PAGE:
6 steps to take when designing your logo

The importance of a professional logo for a company, organisation, or product, cannot be overemphasised. Without a professional logo your brand may not get the recognition it deserves, as it will become difficult for your audience to visually harmonise facets of your business.

Logo

Here are 6 steps to take when designing your logo. Follow these and you will be more likely to create a logo that suits your brand.

Start with a sketch first

For most people new to logo design the most common first step is to jump straight onto the computer and start designing. This is generally a wrong approach, as this often leads to wasted time on special effects and filters, without getting to grips with the essence of the design.

The best thing to do is to get a sheet of paper and draw various logo design examples, keeping in mind what you want the logo to communicate to your audience.

Use vector-specific drawing software

Photoshop, paint shop pro and pixelmator, and painter, are all great tools used by people working with images, but, according to Steve, digital marketing manager at Print-print.co.uk, “while these tools are very good for photo editing, they won’t do the best job when it comes to logo design”. Steve suggests that you “use vector-specific drawing software like Adobe Illustrator, free hand and line form for the best results. Whether enlarging for print posters or shrinking for web content vectors ensure the clarity of the logo is maintained”.

Choosing the right colour scheme

When you get to the point where you are using fill and stroke colours, you will need to use colour combinations that are sensible for your business. If you run an investment firm for instance, it won’t be wise for you to use bright red and pink as the colour scheme. Think about colour psychology and ensure you create the right feeling with the colours that you choose.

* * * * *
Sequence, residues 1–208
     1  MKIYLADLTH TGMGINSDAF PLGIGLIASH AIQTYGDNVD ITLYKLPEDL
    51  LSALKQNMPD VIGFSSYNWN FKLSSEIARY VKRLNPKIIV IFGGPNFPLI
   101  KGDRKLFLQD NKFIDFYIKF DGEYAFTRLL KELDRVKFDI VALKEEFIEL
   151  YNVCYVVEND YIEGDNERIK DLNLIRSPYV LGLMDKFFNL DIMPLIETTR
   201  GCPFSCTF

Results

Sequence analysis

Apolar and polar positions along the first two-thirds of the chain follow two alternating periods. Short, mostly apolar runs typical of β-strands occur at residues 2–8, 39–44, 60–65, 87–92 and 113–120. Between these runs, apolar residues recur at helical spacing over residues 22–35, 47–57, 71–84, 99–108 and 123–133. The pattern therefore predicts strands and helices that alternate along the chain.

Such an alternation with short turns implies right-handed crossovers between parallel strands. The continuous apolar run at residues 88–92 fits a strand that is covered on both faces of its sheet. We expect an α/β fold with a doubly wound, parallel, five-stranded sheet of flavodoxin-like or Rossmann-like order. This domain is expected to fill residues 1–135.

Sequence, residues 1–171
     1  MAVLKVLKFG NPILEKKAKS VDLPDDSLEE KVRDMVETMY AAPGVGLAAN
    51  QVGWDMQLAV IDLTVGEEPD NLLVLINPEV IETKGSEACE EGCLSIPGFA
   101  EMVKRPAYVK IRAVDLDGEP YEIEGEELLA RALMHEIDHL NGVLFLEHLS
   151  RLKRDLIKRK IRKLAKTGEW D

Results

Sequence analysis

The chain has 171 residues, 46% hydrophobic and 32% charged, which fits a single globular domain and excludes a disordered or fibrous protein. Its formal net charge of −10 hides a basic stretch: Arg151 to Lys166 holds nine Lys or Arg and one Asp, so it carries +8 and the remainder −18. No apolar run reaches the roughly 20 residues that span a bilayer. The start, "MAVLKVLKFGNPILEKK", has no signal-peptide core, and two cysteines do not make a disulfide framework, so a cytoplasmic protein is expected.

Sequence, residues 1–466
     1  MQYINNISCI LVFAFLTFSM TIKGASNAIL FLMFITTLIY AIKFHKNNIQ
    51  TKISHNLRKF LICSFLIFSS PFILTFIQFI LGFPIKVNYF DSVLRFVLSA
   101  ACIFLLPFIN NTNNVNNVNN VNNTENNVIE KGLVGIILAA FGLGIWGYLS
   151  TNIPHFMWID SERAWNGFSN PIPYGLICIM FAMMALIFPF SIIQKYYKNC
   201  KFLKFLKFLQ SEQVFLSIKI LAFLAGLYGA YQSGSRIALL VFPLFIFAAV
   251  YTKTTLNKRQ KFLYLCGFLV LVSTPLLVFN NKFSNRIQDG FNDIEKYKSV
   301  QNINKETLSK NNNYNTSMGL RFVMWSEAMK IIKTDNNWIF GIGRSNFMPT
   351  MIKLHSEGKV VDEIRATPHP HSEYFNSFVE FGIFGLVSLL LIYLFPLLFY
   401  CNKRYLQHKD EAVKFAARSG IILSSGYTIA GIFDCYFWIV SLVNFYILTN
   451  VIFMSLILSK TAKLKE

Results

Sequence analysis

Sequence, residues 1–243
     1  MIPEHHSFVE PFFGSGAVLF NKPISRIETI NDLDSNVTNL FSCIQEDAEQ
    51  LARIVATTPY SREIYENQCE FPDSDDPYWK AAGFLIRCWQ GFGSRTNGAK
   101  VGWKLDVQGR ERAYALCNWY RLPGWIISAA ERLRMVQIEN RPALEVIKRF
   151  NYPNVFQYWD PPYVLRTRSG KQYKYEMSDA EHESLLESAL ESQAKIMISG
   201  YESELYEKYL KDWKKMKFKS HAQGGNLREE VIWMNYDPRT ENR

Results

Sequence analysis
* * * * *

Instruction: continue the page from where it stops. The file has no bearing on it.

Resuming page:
Consider the black and white version

After you have settled for a colour scheme for your logo, the next step you have to take is to have a look at what the logo will look like when it goes through a fax or copier machine, or is put in a black and white newspaper ad. There are some really nice black and white logo examples here on Pinterest

You can print and copy the logo to see how it looks. If it doesn’t look coherent, get back on your computer and rework the original version, or develop a second version. You may need to convert hollow shapes to solid shapes, and vice versa. The logo may have to be tweaked a bit, but make sure you don’t deviate too much from your original design.

Consider your target audience

As you develop a logo, you need to keep in mind your target audience. If the logo is purely for a website, you are free to use special effects, colour fades etc. If the logo is, however, meant for commercial printing, the complexity of the logo must be considered, bearing in mind the printing challenges and expenses that comes with lots of colours and effects.

A good idea may be to create a web based version and print version of your logo. Steve at Print Print has this to say on the subject. “In the printing world, colours are referred to as “spot” colour and the more colours used, the more expensive it will be to do the printing”.

Take a look at the typography

A logo isn’t all about images; the typography is very important. The words of the logo are just as important as any graphics you may come up with. Many new logo designers pay far too little attention to the fonts, jumping straight in with a font they know and love. Your lettering style, fonts and case in a logo can have big impact on the quality of your logo. You should also think about how your font choices here impact on your overall typographical strategy.

An important tip here is to convert letters to shapes and outlines if your logo uses a font. This will ensure that when you send the vector file to someone, there won’t need to have your font installed on their computers to view it properly.

To create a professional logo you should take a process approach to the design. If you go about it the right way you will be far more likely to get an outcome that works, and that you love.

 

 

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